Thursday, 16 October 2014

Collecting Your Cash

I recently mentioned that businesses fail because cash going out exceeds cash coming in.

With the best will in the world, there are buyers who just don’t pay on time (despite agreeing to, say, a 60 day credit period).  If your buyer is a “big player” in the market and can pretty much pay when they like, you may have little choice.  You can still, however, have a robust “Collections” process to ensure that you get paid.  

Apart from the advantage of knowing when a buyer is likely to pay, a good collections process (the process of tracking, following up on and collecting payments owed) shows your lenders and debtors that you are in control.

A good collections process means you:
  • Know your buyer;
  • Know how your buyer pays;
  • Have an accurate tracking system for invoices outstanding;
  • Have a process for actioning invoices outstanding after a set number of days “overdue”;
  • Know how, when and to whom to “escalate” a problem;
  • Know when to hold, fold, walk away or run.
Know your buyer:
There are people who go into a deal because it’s a “good one”, even if they don’t know whom they're dealing with.  Shaking hands at a trade fair doesn’t count.  There are a lot of people who make their money by tricking others.  Do your research (internet, other people who use the same counterparty, etc).

Know how your buyer pays:
How does your buyer deal with your invoice?  See my article on this.

Have an accurate tracking system for invoices outstanding:
How many invoices are outstanding at any one time?  How many are outstanding on the same buyer?  Have the buyers actually received them?  Are there any questions or disputes?  When are payments due?  Which are the “high value” ones (which may need more focus)?  How many are “past due” by 30 days, 60 days, 90 days +?  

Have a process for actioning invoices outstanding after a set number of days “overdue”:
The sooner you take action after an invoice goes “past due”, the higher your chances of recovering the money.  Do you call the buyer on day 30, day 60, etc?  Do you keep notes of date, time, to whom you spoke, what was said, what was agreed?  Is the buyer experiencing their own temporary cash flow problem because one of their buyers is delaying?  All this helps when/if you have to take more drastic action to recover a debt.

Know how, when and to whom to “escalate” a problem:
Depending on who’s doing the chasing, there comes a time when a junior member of staff can’t handle the case and needs to pass it on to a more experienced colleague (or even the business owner) so they can get back to collecting the “easier” payments.  Equally, more senior people on the buyer’s side may also need to become involved, depending on the nature of the case.  “Escalation” may also mean passing the case to a debt collection agency, taking it to court or other more drastic action.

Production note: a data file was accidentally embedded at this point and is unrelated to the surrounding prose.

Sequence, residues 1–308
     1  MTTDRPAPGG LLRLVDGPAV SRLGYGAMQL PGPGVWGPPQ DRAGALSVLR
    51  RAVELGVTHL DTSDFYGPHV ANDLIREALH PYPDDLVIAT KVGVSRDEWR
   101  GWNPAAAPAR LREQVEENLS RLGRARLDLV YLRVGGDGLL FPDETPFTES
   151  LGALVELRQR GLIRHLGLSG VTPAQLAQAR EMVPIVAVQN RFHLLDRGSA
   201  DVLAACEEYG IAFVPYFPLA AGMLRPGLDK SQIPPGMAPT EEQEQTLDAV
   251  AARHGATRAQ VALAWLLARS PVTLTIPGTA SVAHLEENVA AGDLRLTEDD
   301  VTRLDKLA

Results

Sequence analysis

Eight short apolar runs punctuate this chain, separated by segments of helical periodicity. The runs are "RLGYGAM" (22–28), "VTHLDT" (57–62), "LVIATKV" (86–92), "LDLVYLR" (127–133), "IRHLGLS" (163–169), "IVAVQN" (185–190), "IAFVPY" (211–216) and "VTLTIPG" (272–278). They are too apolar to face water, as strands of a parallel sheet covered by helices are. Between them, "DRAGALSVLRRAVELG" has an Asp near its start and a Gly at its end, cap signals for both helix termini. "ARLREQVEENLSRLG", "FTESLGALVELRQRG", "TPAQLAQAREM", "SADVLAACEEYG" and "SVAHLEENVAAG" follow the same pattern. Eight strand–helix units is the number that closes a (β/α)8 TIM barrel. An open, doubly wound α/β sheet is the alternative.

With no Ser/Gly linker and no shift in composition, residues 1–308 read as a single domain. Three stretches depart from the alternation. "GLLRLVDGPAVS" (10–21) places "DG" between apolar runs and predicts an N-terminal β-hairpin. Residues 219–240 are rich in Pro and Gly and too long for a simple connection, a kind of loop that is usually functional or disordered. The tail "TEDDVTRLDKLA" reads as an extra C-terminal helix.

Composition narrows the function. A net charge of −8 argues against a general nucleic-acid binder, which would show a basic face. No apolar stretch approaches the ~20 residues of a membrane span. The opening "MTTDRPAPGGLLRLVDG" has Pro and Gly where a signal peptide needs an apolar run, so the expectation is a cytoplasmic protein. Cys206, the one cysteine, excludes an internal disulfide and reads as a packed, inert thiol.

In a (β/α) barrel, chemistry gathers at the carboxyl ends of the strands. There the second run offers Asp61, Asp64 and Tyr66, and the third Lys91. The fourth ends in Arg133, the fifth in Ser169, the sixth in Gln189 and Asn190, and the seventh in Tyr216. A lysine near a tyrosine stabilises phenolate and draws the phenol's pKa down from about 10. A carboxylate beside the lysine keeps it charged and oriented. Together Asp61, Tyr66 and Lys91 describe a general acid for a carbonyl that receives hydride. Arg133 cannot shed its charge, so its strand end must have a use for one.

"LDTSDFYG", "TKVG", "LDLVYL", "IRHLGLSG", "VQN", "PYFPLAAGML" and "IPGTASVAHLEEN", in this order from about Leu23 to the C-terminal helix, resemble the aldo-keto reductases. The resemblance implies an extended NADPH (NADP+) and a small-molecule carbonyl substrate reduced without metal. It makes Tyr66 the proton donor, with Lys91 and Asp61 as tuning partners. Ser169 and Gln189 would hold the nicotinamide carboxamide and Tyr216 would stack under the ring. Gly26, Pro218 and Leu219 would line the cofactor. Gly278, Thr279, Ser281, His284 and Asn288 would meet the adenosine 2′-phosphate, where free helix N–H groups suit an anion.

Know when to hold, fold, walk away or run:
The most difficult.  You need to decide whether to:
  • Continue to chase (hold);
  • Try a different tactic (fold);
  • Write off this time because you’ve made good money from them so far and there’s more to come (walk away) or
  • Never deal with them again and let them become someone else’s problem (run). 
Ask yourself: do you want to spend more time chasing a debt that may never be paid, or spend the same time getting new business?  What lessons can you learn from the bad experiences?   Hopefully, these will let you see a bad deal before you do it so you can run. 

In all cases, communication is key.  The more you communicate in a calm and positive way, the higher your chances.  Tempting as it is to threaten and shout, this is the very last resort when all other efforts have failed, and you are prepared to lose the relationship.

I have spent more than half my life delivering change in different world markets from the most developed to “emerging” economies. With more than 20 years in the world financial services industry running different service, operations and lending businesses, I started my own Performance Management Consultancy to offer solutions for improving performance, productivity and risk management.  I work with individuals, small businesses, charities, quoted companies and academic institutions across the world. An international speaker, trainer, author and fund-raiser, I can be contacted by email . My website provides a full picture of my portfolio of services.  For strategic questions that you should be asking yourself, follow me at @wkm610.

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